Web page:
Overall Rating Silver - expired
Overall Score 45.35
Liaison Wesley Enterline
Submission Date April 22, 2015
Executive Letter Download

STARS v2.0

University of Wisconsin-Whitewater
OP-16: Life Cycle Cost Analysis

Status Score Responsible Party
Complete 1.00 / 1.00 Wesley Enterline
Sustainability Coordinator
Facilities Planning and Management
"---" indicates that no data was submitted for this field

Does the the institution employ Life Cycle Cost Analysis (LCCA) as a matter of policy and practice when evaluating energy and water-using products and systems?:

Does the institution employ LCCA as a matter of policy and practice across the operations of the entire institution (i.e. all divisions)?:

A brief description of the LCCA policy(ies) and practice(s):
State Procurement Policy: http://vendornet.state.wi.us/vendornet/procman/prod19.asp Specifications should use life cycle costing when it is appropriate to include the costs of waste disposal or to evaluate durability or reusability. Life cycle cost formulas may include, but are not limited to the applicable costs of energy efficiency, acquisition and conversion, money, transportation, warehousing and distribution, training, operation and maintenance and disposition or resale. Bid specifications should state whether or not life cycle costs will be used in the bid evaluation. If life cycle costing is used for bid evaluation but the details are not included in the bid specifications, then the terms, conditions, and evaluation criteria will be available upon request at the time of the bid opening. Any energy-related product implemented for the purpose of energy savings is evaluated according to its simple payback, or the length of time it can pay for the initial investment through energy savings. If the simple payback exceeds the useful life of the product, it is deemed infeasible. While this calculation is suitable for purposes of securing state funding, campus projects also incorporate an estimate of maintenance costs, particularly when a project can realize maintenance savings over the existing technology or product. Therefore, maintenance cost is implicit in the lifetime of the product itself, but servicing more complex systems that might only achieve minimal gains in energy savings lose some degree of credibility, even if they achieve the lifetime payback metric.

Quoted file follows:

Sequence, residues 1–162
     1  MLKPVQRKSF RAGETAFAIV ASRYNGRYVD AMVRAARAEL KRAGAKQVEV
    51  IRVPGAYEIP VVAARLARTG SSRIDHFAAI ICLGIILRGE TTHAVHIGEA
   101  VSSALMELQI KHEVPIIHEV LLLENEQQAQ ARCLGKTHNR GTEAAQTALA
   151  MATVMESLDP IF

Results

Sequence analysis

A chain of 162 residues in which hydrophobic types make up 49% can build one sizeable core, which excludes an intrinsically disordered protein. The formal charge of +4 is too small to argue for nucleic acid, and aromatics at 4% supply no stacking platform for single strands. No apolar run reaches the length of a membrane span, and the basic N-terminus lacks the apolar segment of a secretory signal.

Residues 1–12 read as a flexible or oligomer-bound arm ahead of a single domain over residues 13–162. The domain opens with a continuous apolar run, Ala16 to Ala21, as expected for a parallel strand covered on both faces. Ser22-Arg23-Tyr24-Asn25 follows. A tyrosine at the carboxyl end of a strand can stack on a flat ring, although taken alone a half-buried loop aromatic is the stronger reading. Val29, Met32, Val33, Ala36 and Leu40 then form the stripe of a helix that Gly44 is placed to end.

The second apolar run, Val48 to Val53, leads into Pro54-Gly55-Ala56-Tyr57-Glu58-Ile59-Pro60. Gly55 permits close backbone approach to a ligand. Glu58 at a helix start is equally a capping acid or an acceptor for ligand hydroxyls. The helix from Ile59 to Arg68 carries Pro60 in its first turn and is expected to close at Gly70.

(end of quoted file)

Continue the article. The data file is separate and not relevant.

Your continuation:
The website URL where information about the institution’s LCCA policies and practices is available:
Data source(s) and notes about the submission:

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